Reynoldsburg City Councilman Chris Long has proposed two new ordinances that would, if approved, establish a daytime curfew for minors.

Reynoldsburg City Councilman Chris Long has proposed two new ordinances that would, if approved, establish a daytime curfew for minors.

All members have been given copies of the latest proposals to study while council takes a month-long break in August. The safety committee will discuss the issue again at its next scheduled meeting on Sept. 7, Long said.

The original legislation, which was shelved a few weeks ago, aimed to establish a daytime curfew for children between the ages of 6 and 17 from 7:30 a.m. to 3 p.m. The idea was to make sure they stay in class during school hours or have legitimate reasons to be elsewhere.

Long said Monday that after two months of discussions and public meetings, he has prepared two new ordinances to place before council.

The first would establish a daytime curfew for any child on suspension or who has been expelled; it would apply during school days between the hours of 7:30 a.m. and 3 p.m.

The second ordinance, if approved, would hold parents responsible if the curfew rules are violated. Under the terms of the new legislation, Long said parents could be charged with a third-degree misdemeanor and fined $200.

Long said he believes these latest ordinances will answer general safety concerns expressed during discussions about a curfew.

"The issues that we're dealing with are going to have to be dealt with individually, and these were the main things people were talking about over the last eight weeks," Long said. "It was suspended and/or expelled kids being out on the streets and almost everyone was saying, 'where are the parents?, where are the parents?' So we threw an element of parental responsibility in there."

Long said he thinks these ordinances will work if they become law.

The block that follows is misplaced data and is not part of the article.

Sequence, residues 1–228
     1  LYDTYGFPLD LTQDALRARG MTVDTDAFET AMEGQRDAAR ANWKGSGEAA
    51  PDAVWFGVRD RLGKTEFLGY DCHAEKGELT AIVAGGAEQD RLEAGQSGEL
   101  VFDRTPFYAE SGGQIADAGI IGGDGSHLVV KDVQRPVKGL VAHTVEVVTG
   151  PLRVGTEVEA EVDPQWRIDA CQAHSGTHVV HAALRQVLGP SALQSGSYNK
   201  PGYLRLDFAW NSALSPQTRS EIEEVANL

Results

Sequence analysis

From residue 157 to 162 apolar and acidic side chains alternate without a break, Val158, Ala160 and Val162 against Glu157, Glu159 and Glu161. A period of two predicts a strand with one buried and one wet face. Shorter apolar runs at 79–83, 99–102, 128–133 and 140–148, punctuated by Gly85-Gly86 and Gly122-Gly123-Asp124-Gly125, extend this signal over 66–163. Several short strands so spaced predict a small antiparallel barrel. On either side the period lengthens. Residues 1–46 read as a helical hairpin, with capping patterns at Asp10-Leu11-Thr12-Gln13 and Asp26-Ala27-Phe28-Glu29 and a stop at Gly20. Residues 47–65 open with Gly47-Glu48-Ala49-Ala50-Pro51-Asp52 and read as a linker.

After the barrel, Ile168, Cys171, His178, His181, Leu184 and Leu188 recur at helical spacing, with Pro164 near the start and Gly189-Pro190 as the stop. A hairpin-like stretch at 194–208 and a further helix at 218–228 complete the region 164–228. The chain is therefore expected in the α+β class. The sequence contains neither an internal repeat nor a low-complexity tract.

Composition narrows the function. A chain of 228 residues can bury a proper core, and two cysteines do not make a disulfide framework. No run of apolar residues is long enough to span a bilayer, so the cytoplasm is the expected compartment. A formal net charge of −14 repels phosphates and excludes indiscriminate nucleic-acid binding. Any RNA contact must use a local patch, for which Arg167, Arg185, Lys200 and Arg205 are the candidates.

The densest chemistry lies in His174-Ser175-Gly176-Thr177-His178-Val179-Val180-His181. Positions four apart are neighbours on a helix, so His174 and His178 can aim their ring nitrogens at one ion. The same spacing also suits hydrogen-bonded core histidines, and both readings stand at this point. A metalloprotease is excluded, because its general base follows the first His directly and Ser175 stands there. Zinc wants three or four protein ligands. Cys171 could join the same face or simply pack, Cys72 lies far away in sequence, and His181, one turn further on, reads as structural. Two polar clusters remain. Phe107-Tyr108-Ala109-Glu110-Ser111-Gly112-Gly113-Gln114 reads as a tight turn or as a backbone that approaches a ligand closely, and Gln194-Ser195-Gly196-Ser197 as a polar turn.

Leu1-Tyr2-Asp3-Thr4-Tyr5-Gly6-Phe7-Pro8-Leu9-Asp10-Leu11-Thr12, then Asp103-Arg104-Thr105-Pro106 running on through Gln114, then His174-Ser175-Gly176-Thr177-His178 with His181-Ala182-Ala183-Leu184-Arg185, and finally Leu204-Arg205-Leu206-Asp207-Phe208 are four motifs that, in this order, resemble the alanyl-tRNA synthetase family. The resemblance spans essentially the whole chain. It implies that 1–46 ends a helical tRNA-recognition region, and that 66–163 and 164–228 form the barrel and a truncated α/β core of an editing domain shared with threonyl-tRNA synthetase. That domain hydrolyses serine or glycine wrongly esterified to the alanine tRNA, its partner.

"If a police officer rolls up and says, 'Hi, how are you doing and where are you going?' he has the ability to call into the school administration office and find out if Johnny Smith is on suspension or expulsion," Long said.

"If a child is found to be out and about when they shouldn't be and violating that curfew, the child is ruled an unruly child and the steps are taken for that."

If police verify that they have stopped a student who has been suspended or expelled, the parents will be notified.

"Your primary responsibility is your kids," Long said. "The last thing I wanted as a kid was the police to call my dad at work and have him to have to come and pick me up at the police station.

"This gives us something to start to work with," he said. "We're looking at trying to develop a loitering law that will meet constitutional muster. There is almost no teeth behind the truancy laws we have established."

In addition to the two ordinances, Long said Reynoldsburg may look at establishing a juvenile diversion program but doing so would require funding.

"So we're looking into different grant funding sources since this is a safety issue with the city but we still have some work to do on it," Long said.

He said the next step is to see if school officials would be willing to sign a memorandum of understanding to show they support both proposed ordinances.

"If they pass a law, then we're more than happy to communicate that law to the persons who need it," Superintendent Steve Dackin said.

Mayor Brad McCloud said he thinks the latest legislation, if approved, is a good move.

"If you ask me if this is moving in the right direction, I would say yes," he said. "I think to narrow the scope is a positive thing. Any town who can attempt to make the parents and the guardians responsible, I think that's a good thing, too."